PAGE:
After several days of random conversations and taking the general pulse, I have the strong impression that Americans are not quite as excited about this election process as I had imagined. On television, of course, one sees excited crowds, emotional appeals, and other signs of intensity. But an old friend, recently retired who is well read and always up on the news, and who has time to engage in whatever excites him, told me over coffee that a bit of political fatigue had set in. There have been too many debates between the candidates, too many sound-bites on the news, and worse, none of the candidates on either side seems quite satisfactory.
I spoke to a women I know well who runs a small store in central Massachusetts. She has also been an elected official, and her husband won a seat as a town selectman in their last local election. So I assumed she would be excited about one of the candidates, but I was wrong. She has followed the candidates carefully, but now is looking forward to the Green Party's convention, and hopes that they run a strong candidate! And she told me that many people in this little New England town of hers are giving money to Ron Paul.
When polls tell us in state after state that one third of the people have not made up their minds, perhaps it is not a sign that these voters are equally attracted to two candidates. Rather, quite a few voters seem unhappy with the candidates on offer. This is only an impression based on an arbitrary sample and an unscientific method. But it seemed confirmed by another thing I noticed. Few people seem to be wearing buttons proclaiming their support for a candidate. I was in a large store with many middle-class Black customers outside of Hartford Connecticut. I was hoping to see some Obama buttons. I did not see any, worn by anyone, regardless of race. Nor did I hear anyone talking about politics, either.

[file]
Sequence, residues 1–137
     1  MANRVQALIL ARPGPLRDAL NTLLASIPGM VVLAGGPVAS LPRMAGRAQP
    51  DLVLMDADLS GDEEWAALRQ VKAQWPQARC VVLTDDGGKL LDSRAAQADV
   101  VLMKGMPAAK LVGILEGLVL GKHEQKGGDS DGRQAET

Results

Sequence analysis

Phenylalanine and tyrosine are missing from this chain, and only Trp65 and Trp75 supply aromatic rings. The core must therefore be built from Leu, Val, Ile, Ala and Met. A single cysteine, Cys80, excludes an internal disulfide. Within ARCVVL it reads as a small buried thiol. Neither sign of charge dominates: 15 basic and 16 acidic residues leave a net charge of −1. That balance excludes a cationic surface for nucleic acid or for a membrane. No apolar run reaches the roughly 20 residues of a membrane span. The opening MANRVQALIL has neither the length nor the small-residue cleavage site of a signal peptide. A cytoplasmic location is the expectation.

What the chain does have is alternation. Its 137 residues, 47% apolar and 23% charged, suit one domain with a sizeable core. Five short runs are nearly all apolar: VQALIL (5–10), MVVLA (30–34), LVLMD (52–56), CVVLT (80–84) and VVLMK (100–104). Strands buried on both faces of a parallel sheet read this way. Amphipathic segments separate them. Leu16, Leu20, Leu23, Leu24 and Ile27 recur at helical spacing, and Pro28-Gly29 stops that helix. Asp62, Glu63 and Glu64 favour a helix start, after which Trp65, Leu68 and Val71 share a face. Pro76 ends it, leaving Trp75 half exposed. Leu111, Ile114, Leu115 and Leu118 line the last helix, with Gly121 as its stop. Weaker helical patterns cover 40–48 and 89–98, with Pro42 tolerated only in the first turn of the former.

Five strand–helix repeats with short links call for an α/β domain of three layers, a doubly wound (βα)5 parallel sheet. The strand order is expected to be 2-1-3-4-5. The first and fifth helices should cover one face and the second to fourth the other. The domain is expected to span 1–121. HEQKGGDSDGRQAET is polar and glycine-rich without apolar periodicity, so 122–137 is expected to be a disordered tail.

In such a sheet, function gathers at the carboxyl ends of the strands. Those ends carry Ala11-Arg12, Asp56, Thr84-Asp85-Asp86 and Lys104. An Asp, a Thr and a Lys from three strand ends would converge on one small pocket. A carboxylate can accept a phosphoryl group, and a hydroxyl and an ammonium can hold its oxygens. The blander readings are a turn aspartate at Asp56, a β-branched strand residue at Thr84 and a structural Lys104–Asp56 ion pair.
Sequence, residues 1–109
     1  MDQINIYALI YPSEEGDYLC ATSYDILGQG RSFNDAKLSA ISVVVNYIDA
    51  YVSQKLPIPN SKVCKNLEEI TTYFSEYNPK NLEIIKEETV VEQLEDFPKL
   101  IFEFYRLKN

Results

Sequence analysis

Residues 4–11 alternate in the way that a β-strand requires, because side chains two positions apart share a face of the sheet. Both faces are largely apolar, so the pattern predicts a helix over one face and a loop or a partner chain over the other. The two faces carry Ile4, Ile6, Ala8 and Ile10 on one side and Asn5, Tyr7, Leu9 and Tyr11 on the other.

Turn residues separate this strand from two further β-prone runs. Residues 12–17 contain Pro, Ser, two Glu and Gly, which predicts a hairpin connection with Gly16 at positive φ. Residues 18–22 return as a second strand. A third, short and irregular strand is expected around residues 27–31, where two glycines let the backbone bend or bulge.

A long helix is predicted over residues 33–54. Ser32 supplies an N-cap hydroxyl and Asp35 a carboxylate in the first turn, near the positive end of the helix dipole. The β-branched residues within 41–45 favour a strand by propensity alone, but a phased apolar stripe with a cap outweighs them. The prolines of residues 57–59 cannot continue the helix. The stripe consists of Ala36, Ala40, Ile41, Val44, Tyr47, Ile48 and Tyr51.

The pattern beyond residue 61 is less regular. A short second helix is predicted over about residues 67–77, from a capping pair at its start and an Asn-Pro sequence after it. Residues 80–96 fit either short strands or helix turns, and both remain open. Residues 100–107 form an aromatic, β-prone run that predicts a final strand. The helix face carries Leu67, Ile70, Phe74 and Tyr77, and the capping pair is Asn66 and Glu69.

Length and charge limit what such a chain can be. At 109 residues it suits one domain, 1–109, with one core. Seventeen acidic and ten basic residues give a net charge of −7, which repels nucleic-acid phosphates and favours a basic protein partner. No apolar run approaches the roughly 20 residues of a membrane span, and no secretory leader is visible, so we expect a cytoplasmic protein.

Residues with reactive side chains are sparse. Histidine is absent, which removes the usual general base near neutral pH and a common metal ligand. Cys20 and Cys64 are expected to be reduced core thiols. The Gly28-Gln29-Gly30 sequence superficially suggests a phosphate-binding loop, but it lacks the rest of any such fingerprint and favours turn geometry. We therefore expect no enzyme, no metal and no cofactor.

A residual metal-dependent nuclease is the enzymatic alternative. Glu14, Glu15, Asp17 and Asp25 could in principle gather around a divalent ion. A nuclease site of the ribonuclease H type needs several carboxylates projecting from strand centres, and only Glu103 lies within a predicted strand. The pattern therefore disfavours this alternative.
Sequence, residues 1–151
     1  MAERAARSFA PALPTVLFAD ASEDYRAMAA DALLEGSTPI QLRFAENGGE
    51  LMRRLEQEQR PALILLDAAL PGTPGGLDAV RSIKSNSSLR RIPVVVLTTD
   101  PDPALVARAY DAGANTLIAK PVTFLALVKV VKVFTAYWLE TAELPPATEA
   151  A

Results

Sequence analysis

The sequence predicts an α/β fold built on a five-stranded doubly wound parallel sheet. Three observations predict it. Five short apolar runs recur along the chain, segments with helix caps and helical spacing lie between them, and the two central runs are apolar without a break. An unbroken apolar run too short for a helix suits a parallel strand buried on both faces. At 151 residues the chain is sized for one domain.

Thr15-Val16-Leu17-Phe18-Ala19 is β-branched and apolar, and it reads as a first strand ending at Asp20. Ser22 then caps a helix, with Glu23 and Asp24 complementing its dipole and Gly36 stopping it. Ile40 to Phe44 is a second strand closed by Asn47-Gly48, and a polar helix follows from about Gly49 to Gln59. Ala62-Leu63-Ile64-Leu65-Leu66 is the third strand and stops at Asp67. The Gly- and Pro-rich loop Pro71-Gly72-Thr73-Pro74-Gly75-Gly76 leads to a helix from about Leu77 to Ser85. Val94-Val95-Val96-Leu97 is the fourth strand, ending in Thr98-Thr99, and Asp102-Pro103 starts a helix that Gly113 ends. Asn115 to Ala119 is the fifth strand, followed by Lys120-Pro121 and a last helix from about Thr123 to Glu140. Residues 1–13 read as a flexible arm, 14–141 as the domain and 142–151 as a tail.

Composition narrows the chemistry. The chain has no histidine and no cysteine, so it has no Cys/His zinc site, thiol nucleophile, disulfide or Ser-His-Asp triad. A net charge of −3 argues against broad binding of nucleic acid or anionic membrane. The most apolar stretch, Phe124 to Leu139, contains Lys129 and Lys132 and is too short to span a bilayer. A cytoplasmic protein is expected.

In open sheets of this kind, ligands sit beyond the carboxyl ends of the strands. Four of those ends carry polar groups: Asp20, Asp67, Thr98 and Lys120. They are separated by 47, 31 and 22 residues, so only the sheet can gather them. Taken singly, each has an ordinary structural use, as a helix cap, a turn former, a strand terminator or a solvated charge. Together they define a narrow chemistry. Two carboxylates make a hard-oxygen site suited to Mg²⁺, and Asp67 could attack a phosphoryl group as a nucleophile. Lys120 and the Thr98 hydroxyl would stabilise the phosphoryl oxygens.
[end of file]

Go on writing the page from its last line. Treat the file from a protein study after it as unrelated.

So what are people talking about? Football, American style. The Super Bowl is February 3. And it pits the New York Giants against the New England Patriots. And for the majority of readers of this blog who live outside the US, I should say that the Patriots have won every single game of the season, including one at the end against the Giants, and have the longest winning streak in the whole history of football. But that was a close game against the Giants a few weeks ago, even though it meant little to the Giants, because they were going to the playoffs whether they won or lost. And that game was played on the Patriot's home field, whereas the Super Bowl will be played in good weather in Arizona on a neutral field. The game is everywhere in the media, and the sporting public is betting heavily on it. Las Vegas bookmakers think this could be the first time that a single football game will generate bets of more than $100,000,000 dollars. Some tickets are still available to the game on the Internet, but the prices are from $3950 up to $7000. That is for one ticket. A parking space is $125. Plus a flight, a hotel, meals, drinks, and souvenirs. Total cost at least $5000 per person.
Two days before Super Tuesday, almost the entire male population and many women as well will ignore politics completely to watch the Super Bowl. I expect that John McCain, from Arizona, will manage to be in the stands for the game. If Obama is smart, he will be there too. And Bill and Hillary surely have realized the value of being there. Because most of the nation will be watching, and they will like a candidate who takes an interest in moving that bloated bit of pigskin up and down a 100-yard field. Politics or Football? For many, this is a silly question.